- Chinese hackers stole ‘huge quantities’ of sensitive data on Israel’s Iron Dome
- House unveils bill to speed deportations of illegal immigrant children
- Californians protest middle school for hiring white man to teach cultural studies
- Killer’s sentencing overturned because mother couldn’t find seat in courtroom
- Hillary: ‘dead broke’ comment was ‘inartful,’ but insists it was ‘accurate’
- Fla. mom arrested for allowing 7-year-old son to walk to park alone
- Appeals court upholds Obamacare tax as constitutional
- As fighting in Gaza rages on, Kerry battles hapless bumbler perception
- New Englander Scott Brown turns his gaze to the U.S. border crisis
- Toronto’s Rob Ford takes rehabbed self to kids’ playground for political props
Topic - John Ashcroft
When it comes to political dirty tricks, what is happening in Mississippi is not staying in Mississippi.
A government lawyer representing former Attorney General John Ashcroft and former FBI Director Robert Mueller was grilled by a federal appeals court Thursday over questions about their role in the roundup of hundreds of Muslim and Arab men in the aftermath of the Sept. 11 attacks.
President Obama's pending nomination of James B. Comey, a former deputy attorney general in the administration of George W. Bush, to head the FBI is the latest move by Mr. Obama to rely on Republicans to serve in key posts on his national-security team.
John Ashcroft, who served as President George W. Bush's attorney general during pivotal years in the war on terror, said sloppy leaks about the Boston Marathon bombings make it harder for investigators to do their job and retain the public's trust.
The Defense of Marriage Act is set for a showdown in a federal appeals court later this month between those who say it is right for the government to speak of marriage only in heterosexual terms and those who say doing so discriminates against same-sex unions.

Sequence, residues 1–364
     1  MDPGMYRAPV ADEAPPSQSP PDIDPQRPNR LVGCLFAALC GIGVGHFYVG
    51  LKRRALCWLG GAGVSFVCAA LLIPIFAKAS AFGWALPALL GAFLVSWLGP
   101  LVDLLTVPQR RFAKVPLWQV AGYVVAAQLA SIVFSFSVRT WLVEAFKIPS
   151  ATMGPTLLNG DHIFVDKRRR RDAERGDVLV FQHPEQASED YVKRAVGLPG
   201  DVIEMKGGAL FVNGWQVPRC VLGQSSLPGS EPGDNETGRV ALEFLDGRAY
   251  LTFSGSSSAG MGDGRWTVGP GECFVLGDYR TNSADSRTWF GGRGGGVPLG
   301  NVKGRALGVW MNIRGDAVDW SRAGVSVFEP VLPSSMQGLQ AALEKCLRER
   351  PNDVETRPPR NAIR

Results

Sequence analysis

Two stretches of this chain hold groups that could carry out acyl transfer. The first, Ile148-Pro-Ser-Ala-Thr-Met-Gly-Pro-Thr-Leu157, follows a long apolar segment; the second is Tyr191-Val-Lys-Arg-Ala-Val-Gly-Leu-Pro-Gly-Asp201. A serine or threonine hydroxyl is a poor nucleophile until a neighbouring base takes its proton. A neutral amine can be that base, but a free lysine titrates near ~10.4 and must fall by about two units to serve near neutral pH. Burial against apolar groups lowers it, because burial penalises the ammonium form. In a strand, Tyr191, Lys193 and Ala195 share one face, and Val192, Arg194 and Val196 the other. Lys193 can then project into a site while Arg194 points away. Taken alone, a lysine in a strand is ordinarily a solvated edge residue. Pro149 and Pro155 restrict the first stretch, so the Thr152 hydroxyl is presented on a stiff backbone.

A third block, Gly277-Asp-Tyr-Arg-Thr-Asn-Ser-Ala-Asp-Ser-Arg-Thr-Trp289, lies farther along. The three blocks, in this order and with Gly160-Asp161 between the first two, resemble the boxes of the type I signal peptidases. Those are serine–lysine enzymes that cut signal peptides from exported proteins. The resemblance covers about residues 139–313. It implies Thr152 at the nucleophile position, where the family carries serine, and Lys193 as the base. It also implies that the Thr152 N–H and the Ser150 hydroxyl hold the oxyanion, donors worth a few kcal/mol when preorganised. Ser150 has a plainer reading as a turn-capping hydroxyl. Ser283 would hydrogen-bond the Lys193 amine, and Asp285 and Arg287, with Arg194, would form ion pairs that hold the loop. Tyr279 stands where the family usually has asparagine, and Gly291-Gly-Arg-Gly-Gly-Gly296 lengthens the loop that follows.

Former Attorney General John Ashcroft cannot be sued over his role in the post-September 11 arrest by federal agents at Dulles International Airport of an American Muslim who was listed as a terrorism witness but was never charged with a crime, the Supreme Court ruled Tuesday.
The U.S. Supreme Court on Tuesday threw out damage claims against former Attorney General John Ashcroft over an American Muslim's arrest, but four justices said the case raises serious questions about post-9/11 detentions under a federal law intended to make sure witnesses testify.
John Ashcroft approved a policy that led to the arrests of Abdullah al-Kidd and dozens of others without evidence of crimes. Now the Supreme Court will decide whether al-Kidd can try, through a civil lawsuit, to prove that Ashcroft should be held personally responsible for his arrest.
He came, they saw, and nobody learned much of anything - David Addington, chief of staff to Vice President Dick Cheney, skated through three hours of committee testimony Thursday without revealing much other than disputing reports of his vast influence on the war on terror.
Democratic and Republican senators yesterday accused Attorney General Alberto R. Gonzales of deceiving them about a top-secret domestic surveillance program and other matters, and told him that a trail of obfuscation and misleading answers has destroyed all trust in his leadership.
The Senate immigration bill is huge windfall for illegal-alien absconders — fugitives who ignored an immigration judge's order to leave the country. Following the September 11 attacks, federal immigration officials were troubled by the fact that they did not know the whereabouts of approximately 314,000 immigrants who had been ordered deported. While Congress and the Bush administration have talked tough since then about dealing with such aliens, their numbers have more than doubled to approximately 636,000 today. These aliens run the gamut from persons ordered deported for their involvement in terrorist activities to criminals convicted of everything from shoplifting to DUI to murder.
After Mr. Padilla's arrest in 2002 at Chicago's O'Hare International Airport, John Ashcroft, who was then attorney general, said federal law-enforcement officials thwarted an al Qaeda plot involving Mr. Padilla to detonate a radioactive "dirty bomb" on U.S. soil and blow up several apartment buildings in major American cities.
After Mr. Padilla was arrested in 2002 at Chicago's O'Hare International Airport, Attorney General John Ashcroft said federal law-enforcement officials had thwarted an al Qaeda plot involving Mr. Padilla to detonate a "dirty bomb" on U.S. soil and blow up several apartment buildings in major American cities.